10 Most Valuable Sports Teams in the World

People all over the world like sports. People like sports so much, in fact, that they’re willing to spend vast amounts of money watching, gambling on, and supporting their personal favorites. As a result of this influx of fiscal activity — and the fact that there will always be a demand for people who are insanely good at athletic feats to do them for the amusement of the rest of us — some of the teams that occupy the highest echelons of the sports kingdom see their worth balloon so vastly that they become, for lack of a better term, behemoth. Ubiquitous. Known across lands far and wide for being good sometimes and always visible.

That’s not to say that some of these teams have a presence that belies their actual results on the fields, pitches, and gridirons, although that can certainly be the case when one or more of these teams are bad. No, it’s more of an insight into which teams resonate the most with fan bases, especially considering the fact that while some of these franchises are undoubtedly global in scope, some of them seem so particularly localized that it’s almost a shock to see them on this list at all.

As this is a worldwide, all-inclusive sports reckoning, these really are the 10 most lucrative sports collectives on the planet. Hat tip to Forbes for the figures.

10. Boston Red Sox: $1.5 billion

The most lucrative underdogs in all of professional sports, the Boston Red Sox — despite their outward appearance as “that team that’s not the evil empire, those big-spending, money-grubbing Yankees” — are not exactly paupers themselves. After three World Series wins in the last decade, they’ve been more successful than the other half of the most famous American rivalry in sports, and the Red Sox have spent almost as much money (there isn’t a single look at team expenses that doesn’t have them hot on the heels of Steinbrenner’s crew). Despite their appeal to blue-collar modesty, the Red Sox remain one of the most valuable sports franchises on the planet.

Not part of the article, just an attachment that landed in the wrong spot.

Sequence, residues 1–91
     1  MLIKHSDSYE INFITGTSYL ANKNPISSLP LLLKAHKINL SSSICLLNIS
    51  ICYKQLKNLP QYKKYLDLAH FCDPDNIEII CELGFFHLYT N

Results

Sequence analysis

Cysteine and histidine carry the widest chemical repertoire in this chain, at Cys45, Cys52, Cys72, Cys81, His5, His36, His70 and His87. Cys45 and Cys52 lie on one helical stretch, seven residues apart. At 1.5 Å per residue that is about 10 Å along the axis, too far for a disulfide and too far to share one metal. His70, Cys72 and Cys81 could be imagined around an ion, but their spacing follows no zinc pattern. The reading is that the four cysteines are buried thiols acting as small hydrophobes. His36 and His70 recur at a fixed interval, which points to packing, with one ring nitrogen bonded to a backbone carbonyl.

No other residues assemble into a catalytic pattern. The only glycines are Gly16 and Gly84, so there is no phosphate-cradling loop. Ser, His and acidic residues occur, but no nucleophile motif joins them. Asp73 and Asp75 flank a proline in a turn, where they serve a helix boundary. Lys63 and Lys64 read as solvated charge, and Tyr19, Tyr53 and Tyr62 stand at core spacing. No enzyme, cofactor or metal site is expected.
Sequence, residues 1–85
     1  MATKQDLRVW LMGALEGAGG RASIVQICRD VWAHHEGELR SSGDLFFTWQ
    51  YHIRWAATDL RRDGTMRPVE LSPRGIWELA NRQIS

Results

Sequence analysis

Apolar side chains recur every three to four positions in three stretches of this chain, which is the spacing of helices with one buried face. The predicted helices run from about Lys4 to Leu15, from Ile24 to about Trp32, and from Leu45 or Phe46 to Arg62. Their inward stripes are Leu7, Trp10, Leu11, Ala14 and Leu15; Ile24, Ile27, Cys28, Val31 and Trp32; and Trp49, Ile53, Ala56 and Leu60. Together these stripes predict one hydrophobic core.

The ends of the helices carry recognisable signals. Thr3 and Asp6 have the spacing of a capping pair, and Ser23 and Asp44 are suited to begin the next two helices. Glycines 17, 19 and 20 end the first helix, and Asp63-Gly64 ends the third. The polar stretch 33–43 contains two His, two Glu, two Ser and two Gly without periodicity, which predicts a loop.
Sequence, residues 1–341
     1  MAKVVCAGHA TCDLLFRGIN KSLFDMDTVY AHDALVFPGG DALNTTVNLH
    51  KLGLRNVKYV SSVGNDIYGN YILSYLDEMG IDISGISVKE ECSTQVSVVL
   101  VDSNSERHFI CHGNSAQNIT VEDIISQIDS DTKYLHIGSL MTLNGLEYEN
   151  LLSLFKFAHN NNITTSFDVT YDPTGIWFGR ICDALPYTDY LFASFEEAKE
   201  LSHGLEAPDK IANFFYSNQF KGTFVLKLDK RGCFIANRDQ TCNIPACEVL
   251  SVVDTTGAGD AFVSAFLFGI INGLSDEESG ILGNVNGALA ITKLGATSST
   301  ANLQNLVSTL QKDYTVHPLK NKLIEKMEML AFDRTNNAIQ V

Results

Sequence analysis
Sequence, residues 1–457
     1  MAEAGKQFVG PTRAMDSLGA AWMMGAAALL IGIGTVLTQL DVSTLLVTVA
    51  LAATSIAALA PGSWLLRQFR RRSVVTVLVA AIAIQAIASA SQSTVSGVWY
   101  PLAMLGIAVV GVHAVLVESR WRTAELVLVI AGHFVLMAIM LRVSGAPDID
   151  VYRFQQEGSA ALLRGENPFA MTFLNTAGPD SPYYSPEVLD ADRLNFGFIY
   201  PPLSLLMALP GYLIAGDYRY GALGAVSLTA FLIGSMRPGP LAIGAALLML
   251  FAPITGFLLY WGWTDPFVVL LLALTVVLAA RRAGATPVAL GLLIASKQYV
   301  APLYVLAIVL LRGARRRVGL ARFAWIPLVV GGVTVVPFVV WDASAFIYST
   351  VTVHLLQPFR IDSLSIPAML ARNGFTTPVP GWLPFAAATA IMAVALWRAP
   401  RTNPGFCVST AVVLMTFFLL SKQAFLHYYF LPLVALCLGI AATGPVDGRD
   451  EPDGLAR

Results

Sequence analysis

9. New York Giants: $1.55 billion

Along with the Red Sox, the Giants look positively victorious — that says a lot, since the New York squad has been just as representative of “nobody believes in us” as their Boston corollaries on their way to becoming NFL champions three times since 1990. But the Giants are New York’s team, along with the Jets (sort of), even if they both play their games in New Jersey. The Giants, though, are significantly more successful than their counterparts, and the self-proclaimed team for “metropolitan New York” has an overall net worth that reflects their place as the football face of one of the media capitals of the world.

The Giants are not the only football team (American football) on this list, by the way — not by a long shot. They are, however, the only team on this list that features Eli Manning, and the highs and the lows that come with that Manning sibling are impressive in the breadth of their scope: Super Bowls run hand in hand with historically awful seasons. Perhaps no team so consistently showcases the extreme ends of sports fandom in surreal victory and crushing defeat as the New York Giants.

8. Washington Redskins: $1.7 billion

No wonder Dan Snyder’s in no hurry to change the team’s name, even at the behest of half the Senate. As the second most valuable football team in the NFL, the Redskins should probably just buy their own personal money printer. Situated in Washington, D.C., the franchise’s worth has accumulated in spite of the fact that the team has largely been horrible over the last 20 years. That’s a fact that looks unlikely to change after potential franchise savior Robert Griffin III, who cost the Washington football team a king’s ransom in assets,  spent all of last year looking like a shell of himself after blowing out his knee in 2012.